The President. Thank you very much. If they'd have done that in Hollywood, I might have stuck around. [Laughter] Well, thank you all very much. And thank you very much. We have to have Mack Mattingly back there, because we'd be lost without that smile in Washington. I want you to know that the fellow you see standing before you considers himself one lucky man. You see, this is my second visit to Georgia in just less than a week. I guess you could say that, like an old sweet song, I've got Georgia on my mind.
And it's good to be in the home State of a member of the Cabinet, our Director of the Office of Management and Budget, Jim Miller. He was going to be here today, because this is his home, but just like Mack and the others, he had to stay there to keep counting when they start talking budget, as they're talking in the Congress. Somebody's got to watch them. But I thank you, State Chairman Paul Coverdell, for allowing me to be here to campaign for Guy Davis and the entire Republican ticket and to commend the Georgia COP for all the fine work it's doing.
You know, one of the pleasures in visiting Georgia is that I get to tell stories that folks up in Washington don't always understand—stories that involve a little southern humor, like the one of the Yankee who was driving down through the South and
Audience member. Talk louder!
The President. What? Louder? He was driving down through the South, and there was an accident. And the southern gentleman whose car he'd hit got out of his car, and he got out. And neither one of them were hurt, and the cars weren't too badly damaged. And then the southerner, with true southern hospitality, said, "You look a little shook up. Wait a minute." Reached back in his car and came out with a bottle and said, "Here, take a slug of this. I think it'll make you feel better." So, the Yankee did, and then he was urged to do it again and take another one. He said, "Really, it'll settle your nerves." And so he did. After about the third time, why, he got a little guilty feeling and said to the southern fellow who'd been so kind, "Look," he said, "I'm drinking it all here." He said, "Here, you have a drink. You just going to stand there?" And the southerner says, "Yes. I'm just going to stand here until the police come." [Laughter]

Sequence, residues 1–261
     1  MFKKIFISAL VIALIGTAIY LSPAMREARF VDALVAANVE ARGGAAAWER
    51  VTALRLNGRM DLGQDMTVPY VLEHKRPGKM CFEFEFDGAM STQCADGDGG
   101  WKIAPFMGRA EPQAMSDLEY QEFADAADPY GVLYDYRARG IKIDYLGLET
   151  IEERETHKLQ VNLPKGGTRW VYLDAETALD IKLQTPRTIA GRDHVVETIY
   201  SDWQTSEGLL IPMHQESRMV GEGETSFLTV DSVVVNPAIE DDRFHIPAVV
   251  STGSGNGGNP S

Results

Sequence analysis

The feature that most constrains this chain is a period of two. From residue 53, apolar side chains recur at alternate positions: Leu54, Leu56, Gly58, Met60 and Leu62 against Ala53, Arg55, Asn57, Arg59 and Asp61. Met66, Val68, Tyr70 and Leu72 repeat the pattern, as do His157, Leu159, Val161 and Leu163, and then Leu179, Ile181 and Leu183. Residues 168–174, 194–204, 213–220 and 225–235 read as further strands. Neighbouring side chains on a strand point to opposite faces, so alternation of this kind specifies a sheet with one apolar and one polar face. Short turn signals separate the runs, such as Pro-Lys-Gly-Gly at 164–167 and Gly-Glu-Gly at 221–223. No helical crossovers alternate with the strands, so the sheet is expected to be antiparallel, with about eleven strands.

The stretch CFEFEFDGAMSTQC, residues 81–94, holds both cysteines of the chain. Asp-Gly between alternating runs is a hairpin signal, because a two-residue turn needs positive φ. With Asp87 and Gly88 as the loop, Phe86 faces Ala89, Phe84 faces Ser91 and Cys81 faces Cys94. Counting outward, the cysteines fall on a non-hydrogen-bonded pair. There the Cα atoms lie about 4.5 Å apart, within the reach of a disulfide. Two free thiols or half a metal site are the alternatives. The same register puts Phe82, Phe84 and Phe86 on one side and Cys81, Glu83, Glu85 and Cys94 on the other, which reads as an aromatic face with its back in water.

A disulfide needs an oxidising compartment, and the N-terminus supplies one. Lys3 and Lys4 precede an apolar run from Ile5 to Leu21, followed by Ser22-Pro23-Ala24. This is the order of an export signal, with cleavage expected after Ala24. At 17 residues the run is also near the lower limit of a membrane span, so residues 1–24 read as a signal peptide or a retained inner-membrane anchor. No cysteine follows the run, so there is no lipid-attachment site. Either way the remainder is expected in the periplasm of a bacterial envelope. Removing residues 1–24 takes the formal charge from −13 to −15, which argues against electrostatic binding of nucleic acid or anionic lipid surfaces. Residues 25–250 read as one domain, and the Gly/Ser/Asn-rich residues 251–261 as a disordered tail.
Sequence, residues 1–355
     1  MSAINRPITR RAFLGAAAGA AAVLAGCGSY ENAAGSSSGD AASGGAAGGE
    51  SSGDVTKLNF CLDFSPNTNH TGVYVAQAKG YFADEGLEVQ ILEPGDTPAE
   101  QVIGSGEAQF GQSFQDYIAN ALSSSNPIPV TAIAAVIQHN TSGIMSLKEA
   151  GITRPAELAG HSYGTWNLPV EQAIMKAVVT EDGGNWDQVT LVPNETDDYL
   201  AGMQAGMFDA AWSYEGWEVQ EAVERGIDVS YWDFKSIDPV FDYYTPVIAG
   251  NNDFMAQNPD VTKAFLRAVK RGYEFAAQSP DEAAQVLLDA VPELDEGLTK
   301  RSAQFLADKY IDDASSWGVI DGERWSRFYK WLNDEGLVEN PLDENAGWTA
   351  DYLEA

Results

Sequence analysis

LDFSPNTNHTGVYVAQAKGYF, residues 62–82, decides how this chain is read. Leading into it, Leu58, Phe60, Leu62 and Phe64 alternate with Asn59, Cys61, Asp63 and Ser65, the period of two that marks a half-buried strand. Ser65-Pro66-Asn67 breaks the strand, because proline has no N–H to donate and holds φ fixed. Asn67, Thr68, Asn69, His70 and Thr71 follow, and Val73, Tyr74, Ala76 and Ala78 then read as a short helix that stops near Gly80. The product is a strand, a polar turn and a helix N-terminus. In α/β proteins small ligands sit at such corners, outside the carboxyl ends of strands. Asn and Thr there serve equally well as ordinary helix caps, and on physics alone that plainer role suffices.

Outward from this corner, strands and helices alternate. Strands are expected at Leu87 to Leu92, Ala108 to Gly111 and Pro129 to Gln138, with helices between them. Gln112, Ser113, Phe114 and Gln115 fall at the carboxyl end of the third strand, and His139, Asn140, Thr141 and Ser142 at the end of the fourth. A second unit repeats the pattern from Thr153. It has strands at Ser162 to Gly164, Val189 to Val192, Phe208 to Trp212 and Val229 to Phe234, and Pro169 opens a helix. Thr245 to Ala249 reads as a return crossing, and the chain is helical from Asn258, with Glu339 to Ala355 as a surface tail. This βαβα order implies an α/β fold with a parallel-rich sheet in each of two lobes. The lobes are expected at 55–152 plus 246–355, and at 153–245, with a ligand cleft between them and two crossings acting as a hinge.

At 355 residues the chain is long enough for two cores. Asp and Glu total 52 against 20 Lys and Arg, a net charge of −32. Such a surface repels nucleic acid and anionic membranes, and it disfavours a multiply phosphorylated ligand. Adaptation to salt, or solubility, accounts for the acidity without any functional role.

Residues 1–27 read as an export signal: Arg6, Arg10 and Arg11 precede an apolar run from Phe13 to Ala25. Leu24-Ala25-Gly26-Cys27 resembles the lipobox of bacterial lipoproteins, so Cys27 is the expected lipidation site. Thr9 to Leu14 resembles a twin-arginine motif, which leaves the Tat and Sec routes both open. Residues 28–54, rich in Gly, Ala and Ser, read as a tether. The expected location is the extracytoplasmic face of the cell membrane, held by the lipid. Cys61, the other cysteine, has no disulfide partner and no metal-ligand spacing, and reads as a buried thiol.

Well, it was good to take off on Air Force One this morning—good to leave behind the big government and special interests of Washington—to come here to Atlanta and the real America: the America of hard work, patriotism, and the kind of peaches that just don't grow along the Potomac. But it was a matter of great importance that brought me, a matter that will directly affect the lives of every Georgian and, indeed, of every citizen of the United States. For what happens in this great State on election day will help determine the kinds of jobs that you and all Americans can get, the taxes we pay, and the kinds of schools our children and grandchildren will be able to attend.
This brings me to a man that I have the feeling happens to have a few friends here today, a certain United States Senator by the name of Mack Mattingly. Mack Mattingly is a hard-working man of integrity and one of those rare figures in our public life who's more interested in results than headlines. Like me, Mack spent most of his life in the private sector. He knows what it means to earn a paycheck and meet a payroll and raise a family on a balanced budget. I guess that's one reason that Mack and I have become such good friends. He has a quality that some would call old-fashioned, but that I just have to believe is more important today than ever. That quality is called character. And don't you believe it's important to keep character in our government? [Applause] And a second reason that Mack and I have become good friends is that we were elected in the same year, 1980. And ever since, we've worked side by side to revive our economy, rebuild our defenses, and restore the American spirit. I've relied on Mack in the battle to balance the Federal budget by passing the line-item veto. And we're going to keep on trying until it gets done. Forty-three Governors in this country have it; the President should have it. In the more than a hundred years since the line-item veto was first proposed, no one has come closer to getting it passed than Mack. And I just have to believe we need Mack Mattingly back in the Senate, so we can finally get the line-item veto and restore common sense to the budget process once and for all.